Kira Hall YALE UNIVERSITY
he concept of the performative utterance, bom within J. L. Austin's ordinary language philosophy, has influenced the trajectory of linguistic anthropology in ways that I can only hint at here, capturing the attention of scholars working within areas as diverse as ethnography of speaking, language socialization, pragmatics, discourse analysis, and more recently, gender and language. The origin of the term performative can be traced back to Austin's posthumous How To Do Things with Words. Austin, objecting to the logical positivists' focus on the verifiability of statements, introduced the performative as a new category of utterance that has no truth value since it does not describe the world, but acts upon it—a way of "doing things with words." The classic constative "snow is white" is descriptively true or false, but statements such as "I now pronounce you husband and wife" are something different, their successful outcome depending on a number of conditions (i.e., "felicity conditions") that cannot be evaluated in terms of truth. Such declarations are performative, not constative, because it is by the utterance of the words that the act is performed. By the end of his book, Austin cleverly argues that all utterances are performative, even those that appear merely to describe a state of affairs, since such utterances do the act of informing. This is a revolutionary conclusion, for all utterances must then be viewed as actions, an equation which linguistic anthropologists have of course embraced with fervor. With Austin's exposition, the broader area of speech act theory emerged. Within anthropology, Austin's work had its most immediate impact on the paradigm of ethnography of speaking, and in particular on the study of ritual and performance, when ethnographers took to the field to see if theory could inform practice. The answer coming out of early texts such as Ruth Finnegan's discussion of performative utterances among the Limba, Michael Foster's study of Iroquois longhouse speech events, and Michelle Rosaldo's analysis of Ilongot speech acts is that language philosophers must pay more attention to the localized ideologies that govern language use before making
Journal of Linguistic Anthropology 9(1-2):184-187. Copyright © 2000, American Anthropological Association.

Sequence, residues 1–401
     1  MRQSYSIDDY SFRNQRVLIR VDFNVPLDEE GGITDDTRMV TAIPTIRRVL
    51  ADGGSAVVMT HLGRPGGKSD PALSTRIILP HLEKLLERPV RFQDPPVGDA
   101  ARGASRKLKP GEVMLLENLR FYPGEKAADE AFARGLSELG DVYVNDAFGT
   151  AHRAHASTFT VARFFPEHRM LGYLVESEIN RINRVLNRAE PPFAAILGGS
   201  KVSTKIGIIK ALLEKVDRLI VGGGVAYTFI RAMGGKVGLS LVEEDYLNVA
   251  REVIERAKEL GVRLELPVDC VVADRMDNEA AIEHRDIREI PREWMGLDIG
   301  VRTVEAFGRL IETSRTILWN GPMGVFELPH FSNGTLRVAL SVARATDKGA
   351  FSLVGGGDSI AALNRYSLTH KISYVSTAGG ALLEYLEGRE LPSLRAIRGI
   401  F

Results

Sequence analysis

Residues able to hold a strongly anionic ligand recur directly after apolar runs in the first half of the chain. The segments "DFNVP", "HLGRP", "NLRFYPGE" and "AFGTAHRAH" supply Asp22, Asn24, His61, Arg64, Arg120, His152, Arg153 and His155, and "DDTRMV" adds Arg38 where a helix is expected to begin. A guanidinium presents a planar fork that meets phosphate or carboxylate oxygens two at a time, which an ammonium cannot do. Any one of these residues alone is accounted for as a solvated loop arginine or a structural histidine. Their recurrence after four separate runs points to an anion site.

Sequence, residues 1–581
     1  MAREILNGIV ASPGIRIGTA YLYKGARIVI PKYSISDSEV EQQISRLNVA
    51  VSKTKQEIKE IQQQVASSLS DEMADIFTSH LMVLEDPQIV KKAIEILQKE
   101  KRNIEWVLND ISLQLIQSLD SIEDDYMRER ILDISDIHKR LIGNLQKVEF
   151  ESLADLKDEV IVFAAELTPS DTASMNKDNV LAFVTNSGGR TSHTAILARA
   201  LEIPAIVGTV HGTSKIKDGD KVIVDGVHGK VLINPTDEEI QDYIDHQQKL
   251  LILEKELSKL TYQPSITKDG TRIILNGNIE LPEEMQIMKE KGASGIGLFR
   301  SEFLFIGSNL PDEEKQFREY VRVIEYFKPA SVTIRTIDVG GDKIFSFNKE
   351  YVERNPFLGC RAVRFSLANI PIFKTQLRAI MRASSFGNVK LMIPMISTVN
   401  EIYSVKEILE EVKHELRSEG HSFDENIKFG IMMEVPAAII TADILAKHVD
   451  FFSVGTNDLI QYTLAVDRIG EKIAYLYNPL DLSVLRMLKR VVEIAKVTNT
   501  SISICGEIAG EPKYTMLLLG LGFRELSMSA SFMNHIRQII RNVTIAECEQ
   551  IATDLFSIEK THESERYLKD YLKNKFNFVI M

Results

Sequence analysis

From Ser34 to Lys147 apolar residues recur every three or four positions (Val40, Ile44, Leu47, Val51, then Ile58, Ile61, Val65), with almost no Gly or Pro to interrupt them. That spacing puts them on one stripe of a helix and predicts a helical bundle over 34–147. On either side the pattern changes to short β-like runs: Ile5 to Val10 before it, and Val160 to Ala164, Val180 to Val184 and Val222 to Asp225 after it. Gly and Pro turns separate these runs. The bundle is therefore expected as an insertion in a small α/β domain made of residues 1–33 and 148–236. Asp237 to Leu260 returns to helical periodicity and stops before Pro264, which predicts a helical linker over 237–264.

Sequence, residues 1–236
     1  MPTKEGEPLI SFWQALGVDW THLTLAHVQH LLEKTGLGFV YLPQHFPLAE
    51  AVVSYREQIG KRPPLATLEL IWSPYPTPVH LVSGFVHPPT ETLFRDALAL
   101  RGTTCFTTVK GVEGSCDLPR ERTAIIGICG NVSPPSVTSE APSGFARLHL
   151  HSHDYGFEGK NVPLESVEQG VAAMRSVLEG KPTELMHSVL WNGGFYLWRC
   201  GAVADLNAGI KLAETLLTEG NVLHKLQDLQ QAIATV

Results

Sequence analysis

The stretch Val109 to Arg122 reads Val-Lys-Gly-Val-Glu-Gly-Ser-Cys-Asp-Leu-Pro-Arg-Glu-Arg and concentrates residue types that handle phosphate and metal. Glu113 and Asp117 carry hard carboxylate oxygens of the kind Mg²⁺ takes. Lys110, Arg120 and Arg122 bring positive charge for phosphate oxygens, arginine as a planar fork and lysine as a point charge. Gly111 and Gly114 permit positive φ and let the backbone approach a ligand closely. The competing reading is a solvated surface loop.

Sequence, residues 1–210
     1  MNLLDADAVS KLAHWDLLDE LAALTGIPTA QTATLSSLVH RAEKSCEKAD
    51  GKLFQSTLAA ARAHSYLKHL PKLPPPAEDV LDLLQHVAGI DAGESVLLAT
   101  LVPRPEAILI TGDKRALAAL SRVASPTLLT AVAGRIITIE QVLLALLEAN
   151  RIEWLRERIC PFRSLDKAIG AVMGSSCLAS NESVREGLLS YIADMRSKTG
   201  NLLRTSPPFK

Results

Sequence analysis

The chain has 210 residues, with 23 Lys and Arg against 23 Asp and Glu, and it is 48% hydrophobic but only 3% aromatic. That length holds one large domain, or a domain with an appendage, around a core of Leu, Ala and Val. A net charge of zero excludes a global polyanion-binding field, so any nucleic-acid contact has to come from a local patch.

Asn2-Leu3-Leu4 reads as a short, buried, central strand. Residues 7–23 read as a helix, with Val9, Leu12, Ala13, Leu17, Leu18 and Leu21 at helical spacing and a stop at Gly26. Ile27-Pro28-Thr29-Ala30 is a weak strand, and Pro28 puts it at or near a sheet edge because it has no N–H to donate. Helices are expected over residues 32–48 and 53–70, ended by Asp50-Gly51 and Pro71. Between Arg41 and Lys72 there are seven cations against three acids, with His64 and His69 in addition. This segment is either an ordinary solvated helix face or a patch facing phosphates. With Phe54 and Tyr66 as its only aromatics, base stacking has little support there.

sweeping generalizations about how language operates in culture. Most telling in this respect is Rosaldo's rejection of Austin's and Searle's five-part taxonomy of speech acts. She argues that intention and sincerity, both of which are granted esteemed positions in these discussions, are irrelevant to the success of speech acts in Ilongot culture. The philosophical emphasis on the speaker's psychological state does not underlie a universal theory of speech acts, but rather an "ethnography of contemporary [Western] views of human personhood and action." These early critiques of speech act theory resulted in more nuanced ethnographic accounts of performance and ritual in linguistic anthropology, ultimately giving new life to Austin's performative. Many of the subsequent studies on ritual could be viewed as ethnographic extensions of the "dualdirection-of-fit" that John Searle identifies for the classic performative. While the words of a performative do in some sense "fit" the world, conforming to the conventions that govern their success, they also constitute it, so that by their very utterance the world is also made to fit the words. The same duality could be said to be true of ritualized performance (as Tambiah suggests in a direct application of Austin's felicity conditions to ritual in the late 1970s), prompting anthropologists to demand more discussion of the creative qualities of ritual alongside the constraining ones. Hymes' repeated call to "understand structure as emergent in action" is critical here, as he and other scholars of performance, most notably Briggs and Bauman, led us away from the analysis of ritual as mere reiteration. Their work has encouraged a new line of thinking in the last two decades of cultural anthropology as well, exemplified by Turner's work on liminality and creativity and by recent feminist work on the gendered aspects of ritual. N o discussion of performativity would be complete without reference to its uptake in literary criticism, particularly as Austin's performative, reworked by poststructuralist patriarch Derrida, instigated something akin to a revolution in literary theory. Paralleling early ethnographers of speaking, Derrida criticized speech act theory for its focus on intentionality, albeit from a markedly different perspective. While linguistic anthropologists looked to culture for their criticisms, Derrida looked to literature, arguing in a deconstructive vein that because the text can always be detached from the context in which it is written, the intentionality of its author is irrelevant. For Derrida, context can never be identified, since speech acts work through a potential of never-ending dtationality; for linguistic anthropologists, context must be identified, since speech acts are realized only through the cultural conventions that govern their use. It is this differing understanding of context that continues to prohibit dialogue between these two uptakes. The buzzword in poststructuralist literary theory becomes "iterability," the endless repetition of speech acts within a discursive history that has lost its original context Our anthropological buzzword, in contrast, becomes "the total speech act," as ethnographers attempt to define the cultural conventions mat make performance, ritual, and even everyday conversation felicitous, while at the same time acknowledging the emergent and creative aspects of any speech event.